The State assumes that the security guard provided the tip in person; the record reveals that the officer did not know how the security guard reported the sergeant. The State argues that security guards by nature are more reliable eyewitnesses, but we do not know whether the security guard was actually an eyewitness or learned his or her information elsewhere or, for that matter, whether he or she was an experienced or inexperienced security guard.
There is nothing in the record to indicate whether the guard personally observed the gun possession or if the guard received the information from somebody else. Just as the officer in Lopez, the officer was told a general description of defendant’s appearance and that he was somewhere in the park. Nothing in the record explains the source of the security guard’s information. As a result, we cannot say that the security guard was an “eyewitness.”
For that reason, the institutional pressures that bear on security guards to avoid falsely implicating someone do not apply. For example, a guard who hears of some criminal activity from another source does not bear personal responsibility for the error if the source turns out to be wrong. He or she can simply pass on the blame for the incorrect information to the unknown source.
Given all of these unknowns, we agree with defendant that the tip was “effectively anonymous” and did not support a finding of reasonable suspicion.
We see no reason for the State not to have called the park security guard, if he or she is as identifiable as the State purports, to give a firsthand account.
As a final argument, the State asks us to find the tip reliable because the sergeant’s description—a black man, 5 feet, 6 inches to 5 feet, 8 inches tall, wearing a purple shirt and black jeans—was more specific than the description in J.L. See 529 U.S. at 268 (“a young black male standing at a particular bus stop and wearing a plaid shirt”).
We fail to see any indication in J.L. that the outcome would have differed had the tipster been able to describe J.L.’s height. J.L. expressly rejected location and physical appearance as sufficient indicators of the most important fact necessary for a Terry stop: suspicion of criminal activity.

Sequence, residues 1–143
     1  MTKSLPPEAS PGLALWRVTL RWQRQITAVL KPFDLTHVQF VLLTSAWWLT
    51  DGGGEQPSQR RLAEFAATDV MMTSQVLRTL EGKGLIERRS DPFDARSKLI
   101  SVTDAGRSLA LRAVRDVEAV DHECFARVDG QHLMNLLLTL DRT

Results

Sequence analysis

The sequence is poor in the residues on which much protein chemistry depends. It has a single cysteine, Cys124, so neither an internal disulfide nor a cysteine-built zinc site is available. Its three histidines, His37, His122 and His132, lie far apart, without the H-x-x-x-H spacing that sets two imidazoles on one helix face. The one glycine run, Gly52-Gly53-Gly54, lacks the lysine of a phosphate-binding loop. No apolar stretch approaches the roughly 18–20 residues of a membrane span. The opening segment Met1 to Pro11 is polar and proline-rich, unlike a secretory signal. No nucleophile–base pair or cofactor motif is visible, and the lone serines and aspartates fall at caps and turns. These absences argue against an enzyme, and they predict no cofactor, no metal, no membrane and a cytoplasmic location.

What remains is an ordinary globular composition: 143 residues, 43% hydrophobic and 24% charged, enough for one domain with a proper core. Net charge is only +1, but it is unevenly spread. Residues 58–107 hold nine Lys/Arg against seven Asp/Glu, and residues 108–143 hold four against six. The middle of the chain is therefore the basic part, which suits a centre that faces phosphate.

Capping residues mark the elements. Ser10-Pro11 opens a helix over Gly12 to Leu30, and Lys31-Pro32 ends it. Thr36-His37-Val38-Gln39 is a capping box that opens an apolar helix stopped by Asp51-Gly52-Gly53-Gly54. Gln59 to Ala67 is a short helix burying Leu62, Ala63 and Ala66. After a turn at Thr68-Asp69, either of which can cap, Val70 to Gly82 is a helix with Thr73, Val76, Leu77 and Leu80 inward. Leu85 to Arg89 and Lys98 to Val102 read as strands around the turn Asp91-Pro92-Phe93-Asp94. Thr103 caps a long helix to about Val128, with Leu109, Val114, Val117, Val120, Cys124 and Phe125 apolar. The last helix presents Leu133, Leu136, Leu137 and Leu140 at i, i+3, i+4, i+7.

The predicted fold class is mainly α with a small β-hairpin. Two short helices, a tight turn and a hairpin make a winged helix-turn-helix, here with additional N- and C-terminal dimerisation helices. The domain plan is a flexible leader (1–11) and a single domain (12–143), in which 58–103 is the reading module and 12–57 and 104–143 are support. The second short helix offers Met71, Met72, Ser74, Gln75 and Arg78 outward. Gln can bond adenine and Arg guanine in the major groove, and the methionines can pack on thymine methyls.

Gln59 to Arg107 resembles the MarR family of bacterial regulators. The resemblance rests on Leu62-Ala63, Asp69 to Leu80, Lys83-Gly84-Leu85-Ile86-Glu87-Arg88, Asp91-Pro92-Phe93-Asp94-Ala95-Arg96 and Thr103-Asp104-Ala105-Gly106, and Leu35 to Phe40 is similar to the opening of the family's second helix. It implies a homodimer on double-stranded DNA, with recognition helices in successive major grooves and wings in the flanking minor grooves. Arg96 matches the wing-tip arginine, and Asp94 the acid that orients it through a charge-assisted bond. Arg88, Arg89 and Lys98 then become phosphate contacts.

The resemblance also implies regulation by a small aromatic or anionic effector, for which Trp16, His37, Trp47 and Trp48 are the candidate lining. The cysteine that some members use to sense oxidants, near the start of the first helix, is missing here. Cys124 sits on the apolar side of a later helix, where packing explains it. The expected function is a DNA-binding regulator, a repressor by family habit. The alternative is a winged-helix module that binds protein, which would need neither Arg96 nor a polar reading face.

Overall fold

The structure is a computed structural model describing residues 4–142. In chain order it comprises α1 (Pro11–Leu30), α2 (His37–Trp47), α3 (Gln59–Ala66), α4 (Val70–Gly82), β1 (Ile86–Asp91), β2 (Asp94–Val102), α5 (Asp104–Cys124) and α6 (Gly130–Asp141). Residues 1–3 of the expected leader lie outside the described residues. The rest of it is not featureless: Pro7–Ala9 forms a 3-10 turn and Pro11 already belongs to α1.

The reasonable suspicion here at issue requires that a tip be reliable in its assertion of illegality, not just in its tendency to identify a determinate person.
We do not know how the security guard came across the information in the first place, whether he or she personally observed the gun possession or whether it was reported by another source.
Similarly, while we know that it was only two to three minutes from the time the sergeant told the officer and Montes about the man with a gun to the time that defendant was stopped, we have no idea how long it took from the time of the original observation of the man with the gun to the time the sergeant was told.
We may know where the sergeant got his information, but the identity of the ultimate source of the tip—which was undisputedly the State’s burden to provide—remains a mystery.
We find the security guard’s tip insufficiently reliable. We reverse the trial court’s denial of defendant’s motion to suppress and reverse his conviction outright.
We cannot confirm the reliability of the tip the officers received because there is too much that we do not know about it. We do not reverse defendant’s conviction as a criticism of the officers. We reverse because the State failed to meet its burden to identify the source of the tip—despite its repeated claims that the security guard, who could confirm the source, would be easy to find—rendering the tip’s reliability irrecoverably suspect.
We find that defendant’s seizure was unlawful, having been based on a factually insufficient and unreliable tip. We reverse the trial court’s denial of defendant’s motion to suppress evidence. Because the State will be unable to proceed without evidence of the gun on remand, we reverse defendant’s conviction outright.
Episode 101 – Navarette v. California, 134 S.Ct 1683 (2014) (April) (police received reliable tip that a driver ran the caller off the rode)
Episode 468 – People v. Meo, 2018 IL App (2d) 170135 (March) (Gas station attendant calls the police on defendant to report he almost hit the building, so DUI stop justified.)